remote servers. I would like to move this to Urchin itself so that
Urchin can test other things on remote servers.
Urchin's output presently looks like this.
Cycling with the following shells: sh bash dash mksh zsh
Running tests at 2016-04-07T12:33:49
> --timeout output
. bash (0 seconds)
. dash (0 seconds)
. mksh (0 seconds)
. sh (0 seconds)
. zsh (0 seconds)
Done, took 1 second.
5 tests passed.
0 tests skipped.
0 tests failed.
After the change, the output should look like this.
Cycling with the following shells: sh dash mksh
Running tests at 2016-04-07T12:33:49
> --timeout output
. dash on localhost (0 seconds)
. dash on localhost:8080 (0 seconds)
. dash on tlevine@hpux.polarhome.com (0 seconds)
. mksh on localhost (0 seconds)
. mksh on tlevine@hpux.polarhome.com (0 seconds)
. sh on localhost (0 seconds)
. sh on localhost:8080 (0 seconds)
. sh on tlevine@hpux.polarhome.com (0 seconds)
Done, took 1 second.
8 tests passed.
0 tests skipped.
0 tests failed.
This is just how the output should look; the tests run in whatever order
makes sense.
Both md5sum and md5 should be supported.
Trouble logging in to hpux, irix, miros, netbsd, tru64, qnx, ....
$ rsync -e 'ssh -p 785' urchin tlevine@hpux.polarhome.com:.blah
HP-UX hpux.polarhome.com B.11.11 U 9000/785 (ta)
Welcome to HPUX/PA... member of polarhome.com realm
bash: rsync: command not found
rsync: connection unexpectedly closed (0 bytes received so far) [sender]
rsync error: remote command not found (code 127) at io.c(226)
OpenIndiana grep does not support -q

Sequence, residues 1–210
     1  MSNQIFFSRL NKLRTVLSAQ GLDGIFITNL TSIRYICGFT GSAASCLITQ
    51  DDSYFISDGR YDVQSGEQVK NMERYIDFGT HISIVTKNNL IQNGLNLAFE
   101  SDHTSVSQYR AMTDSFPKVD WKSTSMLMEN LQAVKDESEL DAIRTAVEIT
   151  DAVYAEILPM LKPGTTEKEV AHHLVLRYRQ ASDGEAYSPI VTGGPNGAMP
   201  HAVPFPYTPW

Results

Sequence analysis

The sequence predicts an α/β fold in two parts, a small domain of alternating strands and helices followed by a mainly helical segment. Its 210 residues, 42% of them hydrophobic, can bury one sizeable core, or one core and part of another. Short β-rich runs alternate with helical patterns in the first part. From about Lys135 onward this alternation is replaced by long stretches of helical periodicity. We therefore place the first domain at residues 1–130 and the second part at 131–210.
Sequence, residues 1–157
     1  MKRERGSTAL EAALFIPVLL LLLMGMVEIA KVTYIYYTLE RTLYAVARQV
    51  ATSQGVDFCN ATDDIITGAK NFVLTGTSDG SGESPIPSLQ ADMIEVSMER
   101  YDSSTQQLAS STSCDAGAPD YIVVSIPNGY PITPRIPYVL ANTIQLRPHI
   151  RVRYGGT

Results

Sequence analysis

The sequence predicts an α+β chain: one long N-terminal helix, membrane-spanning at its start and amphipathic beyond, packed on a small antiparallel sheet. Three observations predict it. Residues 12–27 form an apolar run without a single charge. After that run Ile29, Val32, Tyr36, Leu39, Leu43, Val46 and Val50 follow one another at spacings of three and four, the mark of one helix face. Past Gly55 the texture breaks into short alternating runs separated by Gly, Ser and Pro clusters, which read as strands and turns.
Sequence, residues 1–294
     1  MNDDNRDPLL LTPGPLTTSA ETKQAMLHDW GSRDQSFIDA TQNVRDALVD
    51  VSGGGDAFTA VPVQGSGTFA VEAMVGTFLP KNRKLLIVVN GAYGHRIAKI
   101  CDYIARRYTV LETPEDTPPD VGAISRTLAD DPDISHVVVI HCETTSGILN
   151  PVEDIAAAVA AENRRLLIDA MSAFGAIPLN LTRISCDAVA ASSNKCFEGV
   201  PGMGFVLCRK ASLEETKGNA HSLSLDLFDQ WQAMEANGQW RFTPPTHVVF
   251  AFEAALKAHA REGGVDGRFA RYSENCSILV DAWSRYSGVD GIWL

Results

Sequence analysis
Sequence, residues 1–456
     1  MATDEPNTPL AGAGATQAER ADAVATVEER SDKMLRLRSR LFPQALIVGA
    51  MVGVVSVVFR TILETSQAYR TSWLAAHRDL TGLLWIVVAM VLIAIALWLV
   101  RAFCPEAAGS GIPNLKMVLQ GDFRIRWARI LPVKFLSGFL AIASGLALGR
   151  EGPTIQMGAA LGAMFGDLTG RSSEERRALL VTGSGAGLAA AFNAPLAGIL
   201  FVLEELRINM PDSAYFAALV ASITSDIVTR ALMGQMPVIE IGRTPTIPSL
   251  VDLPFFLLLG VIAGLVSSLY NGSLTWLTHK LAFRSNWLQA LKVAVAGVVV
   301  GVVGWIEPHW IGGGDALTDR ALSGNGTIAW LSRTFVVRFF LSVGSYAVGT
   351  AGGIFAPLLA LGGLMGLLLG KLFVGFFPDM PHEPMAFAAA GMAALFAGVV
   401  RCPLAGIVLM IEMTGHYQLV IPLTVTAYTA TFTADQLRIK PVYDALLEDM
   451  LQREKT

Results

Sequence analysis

I get `/urchin: syntax error at line 84: \`}' unexpected` on
unixware and solaris.
> tlevine@hpux.polarhome.com -p 785
F sh (8 seconds)
| HP-UX hpux.polarhome.com B.11.11 U 9000/785 (ta)
| Welcome to HPUX/PA... member of polarhome.com realm
| HP-UX hpux.polarhome.com B.11.11 U 9000/785 (ta)
| Welcome to HPUX/PA... member of polarhome.com realm
| mktemp: option requires an argument -- d
| ./urchin[96]: /tmp/tlevinea21441/log: Cannot create the specified file.
tlevine@hpux64$ ./urchin tests/ -n -vv
date: bad format character - s
So I need a portable seconds-from epoch
I also need to handle when no arguments are passed to urchin.
Exit code is wrong for which on HP-UX
## `$(...)`
Solaris doesn't support `$(...)`; you need `\`...\`` instead.
tlevine@solaris$ ./urchin --run-in-series tests/Errors/
./urchin: syntax error at line 84: `tmp=$' unexpected
I use this a lot.
$ grep -c '\$(' urchin
Update tests to support
* md5
* rsync
* mktemp
* epoch
* Report cycling by default
* New format for reporting cycling
Support systems without rsync
BSD mktemp
| NetBSD 6.1.3
| Welcome to NetBSD ...member of polarhome.com realm
| Usage: mktemp [-dqu] [-p <tmpdir>] {-t prefix | template ...}
| mkdir: : No such file or directory
| ./urchin: cannot create /log: permission denied
md5: unknown option -- q
usage: cksum [-n] [-a algorithm [-ptx] [-s string]] [-o 1|2]
[file ... | -c [-w] [sumfile]]
Things I can use to make things better
$IFS and set --
Redirection, especiall <<-
Maybe fifo
for x in "$@"
Variable assignments specified with special built-in utilities remain in
effect after the built-in completes; this shall not be the case with a
regular built-in or other utility.